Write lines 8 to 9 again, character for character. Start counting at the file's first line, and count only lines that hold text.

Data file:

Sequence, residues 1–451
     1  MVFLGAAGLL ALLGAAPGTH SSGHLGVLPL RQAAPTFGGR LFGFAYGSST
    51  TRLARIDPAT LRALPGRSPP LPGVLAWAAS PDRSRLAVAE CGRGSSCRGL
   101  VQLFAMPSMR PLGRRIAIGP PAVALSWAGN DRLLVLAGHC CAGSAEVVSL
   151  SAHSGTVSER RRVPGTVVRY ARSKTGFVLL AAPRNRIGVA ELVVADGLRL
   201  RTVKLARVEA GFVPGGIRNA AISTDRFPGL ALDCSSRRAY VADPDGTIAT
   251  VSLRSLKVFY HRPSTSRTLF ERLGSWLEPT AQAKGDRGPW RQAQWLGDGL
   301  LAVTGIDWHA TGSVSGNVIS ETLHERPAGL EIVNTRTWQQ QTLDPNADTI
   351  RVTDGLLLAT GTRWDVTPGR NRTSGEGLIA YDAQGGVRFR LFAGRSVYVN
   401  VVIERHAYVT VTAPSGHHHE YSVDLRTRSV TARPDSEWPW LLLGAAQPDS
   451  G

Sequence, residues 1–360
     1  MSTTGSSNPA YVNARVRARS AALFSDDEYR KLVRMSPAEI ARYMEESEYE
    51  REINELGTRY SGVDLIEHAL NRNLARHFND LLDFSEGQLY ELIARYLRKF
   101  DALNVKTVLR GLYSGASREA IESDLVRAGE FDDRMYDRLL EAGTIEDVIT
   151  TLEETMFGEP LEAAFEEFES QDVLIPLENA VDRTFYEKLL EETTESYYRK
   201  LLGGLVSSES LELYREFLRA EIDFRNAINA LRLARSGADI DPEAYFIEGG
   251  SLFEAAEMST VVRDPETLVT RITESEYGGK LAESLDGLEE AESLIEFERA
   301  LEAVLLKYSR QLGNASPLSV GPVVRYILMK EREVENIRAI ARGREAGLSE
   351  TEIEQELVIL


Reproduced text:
   301  LAVTGIDWHA TGSVSGNVIS ETLHERPAGL EIVNTRTWQQ QTLDPNADTI
   351  RVTDGLLLAT GTRWDVTPGR NRTSGEGLIA YDAQGGVRFR LFAGRSVYVN